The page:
Skillak lake almost claims another
Hunting season is upon us. The below happened two years ago not quite as bad as i am sitting here, but almost! Read it and take the advice. The base of the event is 100 percent true however i survived as we were fairly close to the parking lot, might have been worse. No matter how good how much of an expert we are things happen and learning from others mistakes is what makes all of us smarter!
We hit the lake on a chilly October morning. The sun was just starting to cross over the horizon. We could just barely make out the waves on the lake. We sceptically walked down to the lake and looked at the scene before us. What appeared to be marginal waves and a slight breeze greeted us. Besides the boat launch there is a sign that is simple and direct it states"warning cold water kills" Gordy and i said it its ok we can do it. How many times in my life have i either made that statement or heard it. One would think that being in Alaska for over twenty years i would have learned! I have what i call my little voice and when that little voice from within questions what i am about to do i have learned to stop. This day the excitement level of bear hunting and fresh silvers in October took over my judgement. After all the boat was a twenty one footer. I turned around and said lets go then. We went back to the truck and maneuvered around the othe 8 trucks that have chosen not to "go for it" We launched the boat and headed across. All the way across we were being bumped and blownaround, but we made it. We glassed for around twenty minutes in the ever increasing wind, when we decided we had better head back to shore before it got worse. Wewent to start the engine when the first problem occured the water pump was clogged. We had forgotten the tools and now we had a situation. We lifted the engine and worked with a leatherman on getting the pump working. The engine finaly kicked over and sounded good. We started across the lake as we made the corner we saw a terrible sight. The entire lake was white with crashing breakers and the wind was deafining in our ears. Once again my little voice said this is a problem. We still went for it. We were struggling yet making progress, when all of a sudden the engine died. The boat was immediatly thrown against the wind. One wave hit then anotherand finally a third. By this time the boat was lisping to the port side. The boat was filling. It was at this time that we both realized that we should have been wearing our life jackets, but why we were in a big boat! The jackets were neatly placed under the seats. which were now covered in water. I struggled to reach them when the last wave hit and the boat turtled over. We were thrown into the frigid cold water with no flotation. The water took away my breath. it was like a large person sitting on my chest. I could hear my heart pounding and my arms were like weights. I looked and could not see Gordy. The boat was slowly sinking. A wave hit me and through me towrds shore. By this time i was almost unconscious. I was fortunat that the wind was throwing me tords the shallows. After four waves i felt my feet hit the bottom of the beach. I crawled up on the beach. I was fortunate there was drift wood and dry grass everywhere. There was hope! I was going to survive, i was shivering so bad that i could barely open my coat pocket to get a match. In mid reach i stopped. I realized at the moment that my time had come and i was going to meet my maker. The reason was, I had not done what i always do and keep matches in my pocket. After all it was just a day trip in a big boat. The next few moments as i shivered into a fitfull death i again realized what i had always known and that is Alaska is a beautiful state, however it is unforgiving for those that do not plan for the worse. I had learned this lesson before however many years of experience and no problems had resulted in my complacency. Now i to had become a statistic of Skilak lake. Chef Viktor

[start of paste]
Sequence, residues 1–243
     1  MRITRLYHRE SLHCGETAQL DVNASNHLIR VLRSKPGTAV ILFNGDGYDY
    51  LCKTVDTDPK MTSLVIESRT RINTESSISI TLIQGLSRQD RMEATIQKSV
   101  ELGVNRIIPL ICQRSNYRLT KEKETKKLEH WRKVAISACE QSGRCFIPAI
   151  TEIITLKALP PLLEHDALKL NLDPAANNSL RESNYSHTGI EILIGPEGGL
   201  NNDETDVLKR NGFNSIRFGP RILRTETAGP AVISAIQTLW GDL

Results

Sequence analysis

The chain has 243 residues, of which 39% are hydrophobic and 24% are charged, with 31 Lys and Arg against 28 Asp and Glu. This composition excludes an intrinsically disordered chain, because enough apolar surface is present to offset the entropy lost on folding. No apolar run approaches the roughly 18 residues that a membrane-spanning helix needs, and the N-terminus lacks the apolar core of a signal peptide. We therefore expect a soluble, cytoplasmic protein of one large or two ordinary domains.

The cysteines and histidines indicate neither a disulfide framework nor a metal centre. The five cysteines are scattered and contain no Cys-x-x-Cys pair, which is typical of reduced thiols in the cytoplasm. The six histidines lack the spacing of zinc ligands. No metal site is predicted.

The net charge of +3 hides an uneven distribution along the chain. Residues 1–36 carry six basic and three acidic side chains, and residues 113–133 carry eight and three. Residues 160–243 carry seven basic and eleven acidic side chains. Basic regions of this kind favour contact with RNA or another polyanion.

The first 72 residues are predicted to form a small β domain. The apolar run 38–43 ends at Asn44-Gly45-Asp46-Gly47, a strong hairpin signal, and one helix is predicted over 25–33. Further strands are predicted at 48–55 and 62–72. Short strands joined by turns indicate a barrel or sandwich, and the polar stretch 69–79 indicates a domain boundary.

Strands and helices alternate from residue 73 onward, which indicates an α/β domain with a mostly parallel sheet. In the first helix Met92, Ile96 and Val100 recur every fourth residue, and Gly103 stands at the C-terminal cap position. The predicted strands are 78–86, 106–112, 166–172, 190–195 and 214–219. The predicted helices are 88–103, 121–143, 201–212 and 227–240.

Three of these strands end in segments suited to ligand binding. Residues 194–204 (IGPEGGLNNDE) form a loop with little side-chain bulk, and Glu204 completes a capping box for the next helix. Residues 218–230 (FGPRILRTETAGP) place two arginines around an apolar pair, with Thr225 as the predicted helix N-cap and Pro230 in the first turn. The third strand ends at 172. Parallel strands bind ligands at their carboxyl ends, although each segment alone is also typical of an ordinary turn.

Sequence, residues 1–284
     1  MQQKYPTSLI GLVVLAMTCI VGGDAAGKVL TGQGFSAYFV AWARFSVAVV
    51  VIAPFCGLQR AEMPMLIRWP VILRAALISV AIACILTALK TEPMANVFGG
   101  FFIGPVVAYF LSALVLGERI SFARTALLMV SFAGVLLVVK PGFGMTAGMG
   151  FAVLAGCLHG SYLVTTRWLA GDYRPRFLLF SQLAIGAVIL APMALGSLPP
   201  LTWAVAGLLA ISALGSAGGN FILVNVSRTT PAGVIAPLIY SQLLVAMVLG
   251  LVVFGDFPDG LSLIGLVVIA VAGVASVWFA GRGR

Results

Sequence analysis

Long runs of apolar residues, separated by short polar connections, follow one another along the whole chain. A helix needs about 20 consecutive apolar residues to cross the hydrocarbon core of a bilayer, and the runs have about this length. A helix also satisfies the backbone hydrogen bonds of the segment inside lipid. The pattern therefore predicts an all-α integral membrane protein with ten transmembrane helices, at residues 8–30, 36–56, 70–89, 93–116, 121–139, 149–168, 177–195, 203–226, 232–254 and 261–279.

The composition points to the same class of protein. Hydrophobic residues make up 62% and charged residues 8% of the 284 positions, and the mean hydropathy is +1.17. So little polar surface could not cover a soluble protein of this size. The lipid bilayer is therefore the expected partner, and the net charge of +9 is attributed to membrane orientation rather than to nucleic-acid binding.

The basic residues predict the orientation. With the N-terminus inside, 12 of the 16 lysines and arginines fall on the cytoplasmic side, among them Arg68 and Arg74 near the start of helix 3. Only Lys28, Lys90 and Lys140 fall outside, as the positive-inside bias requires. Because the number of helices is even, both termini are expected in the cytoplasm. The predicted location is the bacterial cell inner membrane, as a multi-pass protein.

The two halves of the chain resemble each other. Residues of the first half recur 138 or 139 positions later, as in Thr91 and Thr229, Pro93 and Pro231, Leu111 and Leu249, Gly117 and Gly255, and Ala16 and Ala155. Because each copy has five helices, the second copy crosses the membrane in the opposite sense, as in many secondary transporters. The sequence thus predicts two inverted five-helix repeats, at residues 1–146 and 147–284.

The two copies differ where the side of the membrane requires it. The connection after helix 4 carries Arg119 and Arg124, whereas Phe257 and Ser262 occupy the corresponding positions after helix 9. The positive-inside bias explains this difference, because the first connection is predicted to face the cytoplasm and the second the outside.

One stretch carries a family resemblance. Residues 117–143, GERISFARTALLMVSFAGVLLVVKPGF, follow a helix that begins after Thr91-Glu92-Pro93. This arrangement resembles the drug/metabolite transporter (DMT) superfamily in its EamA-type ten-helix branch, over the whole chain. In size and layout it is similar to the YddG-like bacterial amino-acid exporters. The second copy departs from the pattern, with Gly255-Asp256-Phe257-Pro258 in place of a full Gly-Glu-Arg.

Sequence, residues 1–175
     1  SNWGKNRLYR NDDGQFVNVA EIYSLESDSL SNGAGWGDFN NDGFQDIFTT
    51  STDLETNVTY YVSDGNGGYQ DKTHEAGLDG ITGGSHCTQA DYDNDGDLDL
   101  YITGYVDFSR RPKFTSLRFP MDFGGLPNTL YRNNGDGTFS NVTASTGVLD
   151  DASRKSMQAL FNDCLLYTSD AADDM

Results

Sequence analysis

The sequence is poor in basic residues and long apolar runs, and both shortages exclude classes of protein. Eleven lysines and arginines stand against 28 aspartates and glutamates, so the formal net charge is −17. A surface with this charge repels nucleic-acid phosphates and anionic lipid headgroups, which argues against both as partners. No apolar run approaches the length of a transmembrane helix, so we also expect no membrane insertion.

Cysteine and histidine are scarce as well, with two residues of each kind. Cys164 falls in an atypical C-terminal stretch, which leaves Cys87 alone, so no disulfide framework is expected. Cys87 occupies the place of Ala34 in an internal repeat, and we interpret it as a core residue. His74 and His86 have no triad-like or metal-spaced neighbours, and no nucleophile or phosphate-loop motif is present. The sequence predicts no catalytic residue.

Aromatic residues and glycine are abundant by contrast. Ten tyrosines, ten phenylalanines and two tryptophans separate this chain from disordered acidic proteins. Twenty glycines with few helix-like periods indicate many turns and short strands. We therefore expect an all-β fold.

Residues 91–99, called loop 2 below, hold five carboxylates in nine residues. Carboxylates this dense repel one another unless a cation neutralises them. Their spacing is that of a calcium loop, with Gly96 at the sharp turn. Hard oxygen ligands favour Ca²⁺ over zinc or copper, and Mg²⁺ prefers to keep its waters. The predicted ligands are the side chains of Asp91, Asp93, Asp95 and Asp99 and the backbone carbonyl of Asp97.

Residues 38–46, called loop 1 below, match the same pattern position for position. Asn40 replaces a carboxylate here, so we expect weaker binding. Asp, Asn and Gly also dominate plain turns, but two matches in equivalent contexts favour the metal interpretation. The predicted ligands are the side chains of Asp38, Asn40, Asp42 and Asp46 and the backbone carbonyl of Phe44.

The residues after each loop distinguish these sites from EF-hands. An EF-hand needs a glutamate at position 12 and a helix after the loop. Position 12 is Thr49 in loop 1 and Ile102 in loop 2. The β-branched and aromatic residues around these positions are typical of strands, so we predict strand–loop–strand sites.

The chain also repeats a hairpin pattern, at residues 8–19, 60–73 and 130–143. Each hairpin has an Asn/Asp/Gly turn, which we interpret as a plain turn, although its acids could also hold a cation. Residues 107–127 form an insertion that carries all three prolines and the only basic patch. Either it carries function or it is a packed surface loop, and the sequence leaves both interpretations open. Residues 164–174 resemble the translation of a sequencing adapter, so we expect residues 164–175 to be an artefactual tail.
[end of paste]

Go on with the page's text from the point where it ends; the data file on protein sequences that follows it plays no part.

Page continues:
Good reading Viktor. Thank you.
So what happened to your friend??